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Venezuelan students mobilize to protest Maduro government on Youth Day

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Written by Maritime First

…As Venezuelan opposition leader vows to get humanitarian aid at border in to the country, in defiance of president Nicolas Maduro***

Millions of students are mobilizing to take to the streets of Venezuela on Tuesday during Youth Day.

The day commemorates the young people who fought and died in the Battle of La Victoria in 1814 during Venezuela’s war for independence, and touts the role that youth play in the country’s economic and social future.

Venezuelan students such as Anna Ferreira, 22, are using Youth Day as a way to protest the country’s government and the current political turmoil.

“We want a better future and the only way we can see that is to stop the regime of President Nicolás Maduro. This year we are closer than ever to get that,” Ferreira, a student at a liberal arts college, told NBC News on Monday.

Students such as Ferreira believe that Juan Guaidó, who declared himself interim president last month, will deliver on his promise to reinstate democratically held elections. The country’s hyperinflation, severe food and medicine shortages, and instability have sent more than 3 million Venezuelans fleeing to other countries.

Ferreira was born just prior to the socialist revolution in 1999, meaning that socialism is the only government system she’s ever known. However, her parents have memories of a different Venezuela under a capitalist economy.

“I hear the stories of the childhood of my parents, the childhood of my grandmother and we want that, we are living with an ideal in our heads of something we believe is possible and we want to accomplish,” she said.

Maduro supporters, on the other hand, admit the system they believe in may have flaws — including monthly food rations and supply shortages — but they still support a government that began when their hero Hugo Chavez came to power.

At a government-sponsored rally, one Maduro supporter in his 70s, who would not give his name, said that “Guiadó is nothing more than a clown.”

On Monday, Maduro invited the international media to see the launch of a new marketing campaign to promote investment and tourism in the country.

“There isn’t another country with better investment opportunities,” he said as he stood on a stage in front of a giant screen that had played a high definition video showing the country’s natural beauty.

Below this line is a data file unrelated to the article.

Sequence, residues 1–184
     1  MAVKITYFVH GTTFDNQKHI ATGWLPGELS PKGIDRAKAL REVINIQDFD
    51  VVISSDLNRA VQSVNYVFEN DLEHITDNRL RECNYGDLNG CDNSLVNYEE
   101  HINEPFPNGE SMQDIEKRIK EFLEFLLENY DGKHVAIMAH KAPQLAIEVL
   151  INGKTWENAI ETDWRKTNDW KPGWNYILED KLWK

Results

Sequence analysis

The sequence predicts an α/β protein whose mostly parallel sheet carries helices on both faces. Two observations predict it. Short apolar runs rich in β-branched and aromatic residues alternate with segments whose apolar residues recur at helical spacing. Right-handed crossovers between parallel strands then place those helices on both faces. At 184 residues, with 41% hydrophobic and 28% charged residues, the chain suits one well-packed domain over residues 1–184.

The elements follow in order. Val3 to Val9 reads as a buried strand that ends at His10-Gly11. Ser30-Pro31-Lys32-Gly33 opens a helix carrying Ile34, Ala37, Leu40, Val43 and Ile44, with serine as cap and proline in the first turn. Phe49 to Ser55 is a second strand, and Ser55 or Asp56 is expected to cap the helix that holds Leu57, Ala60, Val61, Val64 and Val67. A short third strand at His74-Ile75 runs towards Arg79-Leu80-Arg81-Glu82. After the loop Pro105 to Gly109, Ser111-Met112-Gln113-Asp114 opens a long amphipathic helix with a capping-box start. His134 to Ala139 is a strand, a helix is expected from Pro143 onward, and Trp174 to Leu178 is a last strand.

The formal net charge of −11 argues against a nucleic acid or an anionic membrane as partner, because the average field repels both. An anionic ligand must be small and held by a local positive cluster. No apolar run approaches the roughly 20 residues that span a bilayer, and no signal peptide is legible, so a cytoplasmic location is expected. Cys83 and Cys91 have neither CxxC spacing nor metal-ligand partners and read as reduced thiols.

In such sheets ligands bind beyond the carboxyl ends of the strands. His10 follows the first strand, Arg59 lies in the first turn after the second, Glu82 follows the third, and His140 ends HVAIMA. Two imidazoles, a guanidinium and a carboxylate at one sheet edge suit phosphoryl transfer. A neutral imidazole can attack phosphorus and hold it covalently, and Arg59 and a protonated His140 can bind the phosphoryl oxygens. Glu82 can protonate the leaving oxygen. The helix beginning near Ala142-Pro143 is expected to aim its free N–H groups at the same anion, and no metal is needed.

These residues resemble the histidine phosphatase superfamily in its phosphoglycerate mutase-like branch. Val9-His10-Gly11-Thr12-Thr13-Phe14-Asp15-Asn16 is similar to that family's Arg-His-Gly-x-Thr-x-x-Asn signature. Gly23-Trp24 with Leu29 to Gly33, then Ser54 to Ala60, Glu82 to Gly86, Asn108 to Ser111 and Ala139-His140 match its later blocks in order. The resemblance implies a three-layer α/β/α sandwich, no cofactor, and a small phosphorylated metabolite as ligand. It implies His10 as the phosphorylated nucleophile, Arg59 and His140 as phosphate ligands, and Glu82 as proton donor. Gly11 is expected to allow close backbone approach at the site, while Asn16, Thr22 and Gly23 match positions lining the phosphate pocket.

Saying that “we are in the eye of the geopolitical hurricane,” Maduro said he wished “the international media would be fair by reporting this event.”

The Trump administration and around forty nations have thrown their support behind Guaidó until democratic elections are held. But Maduro has vowed to stay in power and has insisted that the United States is trying to topple his government.

In a show of force, the Venezuelan military has held war game exercises for the past two days.

In 2014, three students protesting the government were shot and killed during Youth Day. There were no arrests and no one was held responsible.

Some of the students marching this year say they will never forget that sacrifice.

“We have the ideal, as do a lot of people, that one person makes the change,” Ferreira said, while standing in front of a mural with the painted faces of the students killed five years ago.

In the meantime, Venezuelan opposition leader Juan Guaido said Tuesday that he will authorize several tons of humanitarian aid to enter the country on Feb. 23, in defiance of the country’s sitting president, Nicolas Maduro.

The remarks by Guaido came at massive anti-government protests in Venezuela’s capital Caracas, where tens of thousands filled the streets to hear the lawmaker announce plans for the coming days.

Guaido and Maduro have been locked in a political power struggle since Jan. 23, when Guaido declared himself the country’s legitimate president using a constitutional article that allows him to do so as the legislature head. Guaido and dozens of countries have labeled Maduro’s reelection a fraud.

“This humanitarian aid is getting in no matter what,” Guaido shouted to the crowd Tuesday. “This order is for the military: allow this aid to enter.”

Guaido didn’t clarify how he would force the truckloads of aid across the border without Maduro’s authorization. Maduro has called the effort a pretext for a military invasion of the country and so far the armed forces have followed his orders to block the supplies at the border.

“We need humanitarian aid now,” read a sign held by Miguel Seijas, 54, on Tuesday. Many in the crowd expressed confidence that Guaido had successfully cornered Maduro and that change was imminent.

“This costume represents hope because we’re about to escape this nightmare finally,” Gustavo Misles, a 74-year-old retired university professor, told ABC News. Misles wore a clown wig and was holding a sign that said “we’re going hungry,” adorned with legal Venezuelan bills. The country’s paper currency has become worthless as some economists project inflation could reach 10 million percent this year. Other protesters used the currency as confetti.

As Guaido addressed the crowd, Venezuela’s vice president Delcy Rodriguez took to state television to reject his plans.

“What’s behind this cheap show is a military intervention in Venezuela, and an invasion,” she said.

This year’s protests and the power struggle mark the latest bout of unrest for the restless South American country, currently in the midst of the worst economic and humanitarian crisis in its history. Anti-government protests also rocked Venezuela in 2014 and 2017.

NBC with additional report from ABC

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Maritime First